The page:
The stretch of Ohio Route 52, just outside of West Virginia and Kentucky, is the place to go for anyone wanting to save on gas.
"It's really nice that they've been going down, especially with a big truck," says Jacquelyn Ahern, a truck-owner who just moved to the area from Philadelphia, "It's a lot easier on gas with going to work, and going to whatever I need to do, especially with the holidays and everything, it's saving me money."
But why is gas 40 cents cheaper here, than in West Virginia or Kentucky?
Part of it has to do with gas taxes, which are lower in Ohio.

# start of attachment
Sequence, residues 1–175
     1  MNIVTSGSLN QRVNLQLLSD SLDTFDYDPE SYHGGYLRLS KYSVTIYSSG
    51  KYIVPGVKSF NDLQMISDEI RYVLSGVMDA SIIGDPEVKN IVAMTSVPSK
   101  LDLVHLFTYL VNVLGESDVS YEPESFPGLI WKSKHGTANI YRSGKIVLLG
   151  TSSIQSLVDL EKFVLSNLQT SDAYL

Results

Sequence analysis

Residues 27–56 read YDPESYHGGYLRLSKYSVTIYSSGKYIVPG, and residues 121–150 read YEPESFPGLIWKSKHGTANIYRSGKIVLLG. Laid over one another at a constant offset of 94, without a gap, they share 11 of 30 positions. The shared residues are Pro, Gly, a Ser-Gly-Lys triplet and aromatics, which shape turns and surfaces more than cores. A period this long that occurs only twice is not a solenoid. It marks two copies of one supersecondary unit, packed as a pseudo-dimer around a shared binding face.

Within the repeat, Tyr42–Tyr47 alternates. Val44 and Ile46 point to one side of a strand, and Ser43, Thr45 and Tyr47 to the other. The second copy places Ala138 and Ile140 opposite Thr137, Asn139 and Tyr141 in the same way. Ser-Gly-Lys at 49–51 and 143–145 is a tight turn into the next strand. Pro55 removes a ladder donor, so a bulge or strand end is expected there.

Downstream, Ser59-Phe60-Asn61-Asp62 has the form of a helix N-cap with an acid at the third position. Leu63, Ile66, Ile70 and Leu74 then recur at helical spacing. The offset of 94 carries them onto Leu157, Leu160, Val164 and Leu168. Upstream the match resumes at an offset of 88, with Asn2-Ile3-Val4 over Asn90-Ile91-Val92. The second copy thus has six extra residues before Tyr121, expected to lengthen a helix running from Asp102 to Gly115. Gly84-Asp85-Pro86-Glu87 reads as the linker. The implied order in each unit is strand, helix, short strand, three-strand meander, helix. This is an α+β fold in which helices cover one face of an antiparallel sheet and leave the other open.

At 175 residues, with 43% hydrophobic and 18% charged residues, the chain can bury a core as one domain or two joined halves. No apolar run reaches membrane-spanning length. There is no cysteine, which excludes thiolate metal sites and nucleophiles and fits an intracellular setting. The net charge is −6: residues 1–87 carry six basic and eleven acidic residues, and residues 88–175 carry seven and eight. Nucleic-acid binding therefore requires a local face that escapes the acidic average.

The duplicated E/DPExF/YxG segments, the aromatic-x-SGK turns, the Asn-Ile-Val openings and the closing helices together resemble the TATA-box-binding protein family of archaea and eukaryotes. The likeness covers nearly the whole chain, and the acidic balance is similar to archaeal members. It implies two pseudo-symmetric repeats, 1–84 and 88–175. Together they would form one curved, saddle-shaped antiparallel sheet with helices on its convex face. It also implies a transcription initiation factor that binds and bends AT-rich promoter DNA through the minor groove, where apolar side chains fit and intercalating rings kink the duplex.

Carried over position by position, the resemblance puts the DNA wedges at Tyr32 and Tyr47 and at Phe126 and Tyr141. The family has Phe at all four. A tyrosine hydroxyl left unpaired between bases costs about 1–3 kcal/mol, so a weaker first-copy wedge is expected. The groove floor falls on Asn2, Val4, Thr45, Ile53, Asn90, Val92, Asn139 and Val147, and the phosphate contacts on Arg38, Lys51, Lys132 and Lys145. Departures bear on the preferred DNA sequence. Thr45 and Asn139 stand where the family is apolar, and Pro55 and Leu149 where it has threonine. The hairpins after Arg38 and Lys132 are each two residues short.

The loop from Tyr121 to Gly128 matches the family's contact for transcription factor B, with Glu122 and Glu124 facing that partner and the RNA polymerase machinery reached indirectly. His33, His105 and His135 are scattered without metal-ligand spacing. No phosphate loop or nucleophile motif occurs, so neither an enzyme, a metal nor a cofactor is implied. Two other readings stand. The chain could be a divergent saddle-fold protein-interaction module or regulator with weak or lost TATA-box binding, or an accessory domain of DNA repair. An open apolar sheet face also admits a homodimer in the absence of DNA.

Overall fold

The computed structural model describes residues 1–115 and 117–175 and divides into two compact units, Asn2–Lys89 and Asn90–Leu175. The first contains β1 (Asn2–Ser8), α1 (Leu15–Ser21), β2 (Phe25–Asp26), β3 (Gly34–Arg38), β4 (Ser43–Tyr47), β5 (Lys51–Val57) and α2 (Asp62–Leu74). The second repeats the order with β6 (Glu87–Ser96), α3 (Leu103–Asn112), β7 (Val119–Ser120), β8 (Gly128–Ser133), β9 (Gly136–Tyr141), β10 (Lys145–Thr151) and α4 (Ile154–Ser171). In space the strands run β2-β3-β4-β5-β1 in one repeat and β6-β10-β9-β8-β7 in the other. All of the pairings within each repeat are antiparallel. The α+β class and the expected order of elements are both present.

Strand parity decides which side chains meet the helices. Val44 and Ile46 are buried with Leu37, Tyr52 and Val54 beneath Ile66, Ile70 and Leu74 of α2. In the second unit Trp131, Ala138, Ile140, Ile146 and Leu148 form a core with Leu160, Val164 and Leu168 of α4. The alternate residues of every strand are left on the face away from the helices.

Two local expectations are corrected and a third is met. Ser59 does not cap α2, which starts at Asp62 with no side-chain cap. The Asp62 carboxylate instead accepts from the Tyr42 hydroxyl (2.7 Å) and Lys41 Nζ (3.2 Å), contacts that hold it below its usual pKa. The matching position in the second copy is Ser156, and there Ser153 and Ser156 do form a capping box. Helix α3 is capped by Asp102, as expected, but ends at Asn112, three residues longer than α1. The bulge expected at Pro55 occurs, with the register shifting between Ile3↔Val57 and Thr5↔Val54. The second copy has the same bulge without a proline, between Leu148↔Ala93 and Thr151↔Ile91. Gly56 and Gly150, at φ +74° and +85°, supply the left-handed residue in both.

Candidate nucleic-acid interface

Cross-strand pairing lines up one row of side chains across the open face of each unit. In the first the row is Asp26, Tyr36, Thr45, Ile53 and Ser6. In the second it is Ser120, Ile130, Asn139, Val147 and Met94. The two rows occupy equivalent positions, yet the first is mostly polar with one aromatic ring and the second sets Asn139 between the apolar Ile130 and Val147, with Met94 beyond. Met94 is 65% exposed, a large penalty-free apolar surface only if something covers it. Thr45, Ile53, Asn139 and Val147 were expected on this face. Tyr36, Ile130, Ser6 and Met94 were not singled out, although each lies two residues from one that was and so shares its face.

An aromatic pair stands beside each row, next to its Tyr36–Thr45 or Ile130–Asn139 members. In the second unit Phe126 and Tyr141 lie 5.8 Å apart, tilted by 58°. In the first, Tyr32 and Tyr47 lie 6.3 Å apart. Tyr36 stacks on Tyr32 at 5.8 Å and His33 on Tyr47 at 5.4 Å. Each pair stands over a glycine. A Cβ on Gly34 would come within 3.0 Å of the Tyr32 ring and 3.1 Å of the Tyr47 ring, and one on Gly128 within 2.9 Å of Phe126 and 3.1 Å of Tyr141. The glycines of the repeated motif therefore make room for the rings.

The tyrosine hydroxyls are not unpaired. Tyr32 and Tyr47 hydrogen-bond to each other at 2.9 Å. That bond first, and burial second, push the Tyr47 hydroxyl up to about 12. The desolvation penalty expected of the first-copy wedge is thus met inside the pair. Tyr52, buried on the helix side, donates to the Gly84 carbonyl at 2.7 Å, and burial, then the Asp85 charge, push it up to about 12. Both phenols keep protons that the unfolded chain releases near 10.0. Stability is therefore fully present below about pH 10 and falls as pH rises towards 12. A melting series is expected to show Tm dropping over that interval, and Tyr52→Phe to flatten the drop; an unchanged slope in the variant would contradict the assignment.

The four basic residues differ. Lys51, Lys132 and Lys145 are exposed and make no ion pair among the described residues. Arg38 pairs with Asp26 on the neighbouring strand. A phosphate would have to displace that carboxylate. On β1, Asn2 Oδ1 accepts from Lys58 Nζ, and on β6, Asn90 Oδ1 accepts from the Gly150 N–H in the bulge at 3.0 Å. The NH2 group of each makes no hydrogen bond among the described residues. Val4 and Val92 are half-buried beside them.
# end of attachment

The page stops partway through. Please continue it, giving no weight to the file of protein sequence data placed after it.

Another part has to do with laws against below-cost sales.
In states with below-cost sales laws, retailers can't sell gas, or anything else, at a price lower than wholesale.
Federal anti-trust laws also cover below-cost sales.
States like West Virginia and Kentucky take it a little further with their own laws, but some drivers say any kind of government interference with any product's prices is wrong.
"The freedom to sell, and set your own price in the marketplace is something that should be protected," says Pastor Dusty Howard of Kentucky.
Retailers make a few pennies, two or three percent, per gallon of gas.
Selling gas below cost, means a loss on gas, but it also means traffic through their shops, where the real money is.
That's one major difference in Ohio's retail atmosphere that may be a reason for why gas is less expensive in the state.